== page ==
If something wants through us, if we are the instrumentality of a desire whose source is not internal, then to interpose our own will or personal desires is an avoidance of reality, and the wants which our willfulness includes are irrelevant wants and may be dismissed as not important, as not what we want, no more than we want, as we seem to, an endless life, endless wealth and fairness and company. Order and security, to be caressed and honored and to caress and honor in turn — we seem to want these things, but in order to make us a separate enclave, a refuge apart from what may be wanted through us. If we are not to falsify life, but to have it for what it is, we must leave ourselves open to it and undefended, observant of what may happen, since our private will is not relevant and we are not capable of apprehending or assisting any other will, and what we observe and feel is perhaps less will than being and the nature of being. We have made up complicated frameworks of activity and attitude on the foundation that somehow we grasp what may be wanted from us, some challenge or imperative. The challenges and imperatives may not be anything like each other in any respect except in this: that they assume our receiving them. But in experience (and on the contrary) nothing is revealed to us of what our nature may be, or of what we must do. Nor, though we spy on it most diligently, do we learn things of consequence about whatever else there may be besides ourselves. We have no inkling of its wants or purposes or whether it has any. There may be some divine or historical or biological or evolutionary determinism and we may be wholly subject to it — it may want something of us — but it is without our consciousness, and we cannot bring our wills to consonance with it, not knowing what it is. I think we are totally unable to affect it: that any action of ours which is contrary is null by its contrariety, and any consonant action is an action not by us but through us, not by our will or any necessity. We have supposed that there are wants and purposes but it seems likely that none exists.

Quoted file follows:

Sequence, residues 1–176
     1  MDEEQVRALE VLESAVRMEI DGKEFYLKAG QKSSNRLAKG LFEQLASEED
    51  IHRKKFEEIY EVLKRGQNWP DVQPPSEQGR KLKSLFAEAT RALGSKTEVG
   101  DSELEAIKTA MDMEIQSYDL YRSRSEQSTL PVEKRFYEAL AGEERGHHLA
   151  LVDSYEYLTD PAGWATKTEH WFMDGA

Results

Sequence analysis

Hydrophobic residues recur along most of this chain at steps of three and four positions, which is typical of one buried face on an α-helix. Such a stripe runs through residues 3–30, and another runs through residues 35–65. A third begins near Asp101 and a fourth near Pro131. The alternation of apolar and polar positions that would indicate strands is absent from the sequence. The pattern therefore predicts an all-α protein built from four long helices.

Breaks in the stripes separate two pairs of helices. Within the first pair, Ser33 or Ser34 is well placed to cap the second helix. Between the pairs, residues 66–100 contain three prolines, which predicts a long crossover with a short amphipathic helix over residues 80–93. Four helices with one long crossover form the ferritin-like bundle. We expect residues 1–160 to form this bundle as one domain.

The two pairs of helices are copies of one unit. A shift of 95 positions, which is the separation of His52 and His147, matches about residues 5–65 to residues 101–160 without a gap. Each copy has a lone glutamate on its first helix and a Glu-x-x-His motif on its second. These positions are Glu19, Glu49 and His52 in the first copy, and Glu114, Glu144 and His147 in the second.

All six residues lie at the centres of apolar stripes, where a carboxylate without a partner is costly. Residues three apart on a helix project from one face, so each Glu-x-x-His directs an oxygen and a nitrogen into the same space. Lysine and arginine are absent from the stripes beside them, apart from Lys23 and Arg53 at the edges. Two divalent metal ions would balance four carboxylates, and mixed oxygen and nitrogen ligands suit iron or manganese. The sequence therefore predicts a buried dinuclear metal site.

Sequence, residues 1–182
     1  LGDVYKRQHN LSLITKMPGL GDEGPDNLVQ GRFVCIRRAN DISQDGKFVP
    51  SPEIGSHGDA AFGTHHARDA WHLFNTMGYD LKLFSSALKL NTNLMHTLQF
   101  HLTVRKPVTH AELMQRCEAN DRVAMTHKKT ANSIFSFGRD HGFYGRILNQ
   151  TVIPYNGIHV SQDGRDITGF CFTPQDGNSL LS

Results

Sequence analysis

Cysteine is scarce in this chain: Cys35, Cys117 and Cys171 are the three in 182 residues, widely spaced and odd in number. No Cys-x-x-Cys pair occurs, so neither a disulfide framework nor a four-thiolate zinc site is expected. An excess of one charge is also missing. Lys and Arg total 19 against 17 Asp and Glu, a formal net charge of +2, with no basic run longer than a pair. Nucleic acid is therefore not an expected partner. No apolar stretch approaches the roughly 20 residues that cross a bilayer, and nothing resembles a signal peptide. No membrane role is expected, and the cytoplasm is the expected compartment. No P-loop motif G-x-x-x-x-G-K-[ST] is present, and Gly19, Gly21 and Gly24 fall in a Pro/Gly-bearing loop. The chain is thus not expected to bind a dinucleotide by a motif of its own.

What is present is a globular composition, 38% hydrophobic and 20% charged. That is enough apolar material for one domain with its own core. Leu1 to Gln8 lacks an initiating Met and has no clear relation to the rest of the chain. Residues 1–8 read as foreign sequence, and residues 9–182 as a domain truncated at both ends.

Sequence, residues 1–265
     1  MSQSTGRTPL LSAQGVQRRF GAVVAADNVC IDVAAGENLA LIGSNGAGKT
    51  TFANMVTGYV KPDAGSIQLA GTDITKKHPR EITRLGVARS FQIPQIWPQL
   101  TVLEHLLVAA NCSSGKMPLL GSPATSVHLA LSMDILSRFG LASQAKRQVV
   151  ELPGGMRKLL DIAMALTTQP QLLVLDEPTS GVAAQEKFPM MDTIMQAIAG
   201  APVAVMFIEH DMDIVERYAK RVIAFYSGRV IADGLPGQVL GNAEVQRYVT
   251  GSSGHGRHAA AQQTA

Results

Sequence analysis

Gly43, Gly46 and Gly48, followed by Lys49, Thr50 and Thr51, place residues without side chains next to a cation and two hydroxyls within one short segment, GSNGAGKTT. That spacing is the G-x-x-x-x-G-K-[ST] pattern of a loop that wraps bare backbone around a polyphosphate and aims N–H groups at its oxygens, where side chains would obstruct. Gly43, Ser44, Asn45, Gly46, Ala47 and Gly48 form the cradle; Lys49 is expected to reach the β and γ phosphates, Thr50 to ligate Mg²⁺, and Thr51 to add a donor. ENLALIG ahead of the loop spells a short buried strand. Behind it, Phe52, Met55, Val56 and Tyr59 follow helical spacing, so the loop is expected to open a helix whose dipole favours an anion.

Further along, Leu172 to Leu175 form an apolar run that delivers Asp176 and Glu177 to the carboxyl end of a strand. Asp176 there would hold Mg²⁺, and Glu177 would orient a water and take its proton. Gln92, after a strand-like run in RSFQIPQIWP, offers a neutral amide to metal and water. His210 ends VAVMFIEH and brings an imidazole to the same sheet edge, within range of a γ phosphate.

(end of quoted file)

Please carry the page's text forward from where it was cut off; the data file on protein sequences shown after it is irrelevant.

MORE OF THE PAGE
How empty all those schemes are, and they are very many, which propose our necessity or which propose that we need to do this or that in order to assert or maintain our own existence, or to realize what may have been intended for us. Noting that we do devise as a convenience a kind of machinery of social and political and economic organization, we project that a more searching and more diligent devising would make use of what there is and organize reality into the mechanism. Noting that we do personify ourselves, that we devise a characterization by means of, say, the superego, or historical imperative, or evolutionary vectors, moral precept, or what we will, we project that our courage and intelligence have the means to produce in our own person the fulfilled and realized [sic] man who has dared to embody reality in himself, not flee from it, and so has permitted reality to have real being. But what there is — we are part of what there is — is what it is regardless of us. It has real being without our help. We are whatever we are, squirm or resolve what we will to avoid it. We can make as though to run away and leave only a token of ourselves behind, but the token we leave behind is what there is. Anything else is pretense and subterfuge. We need not want anything; nothing needs us to want.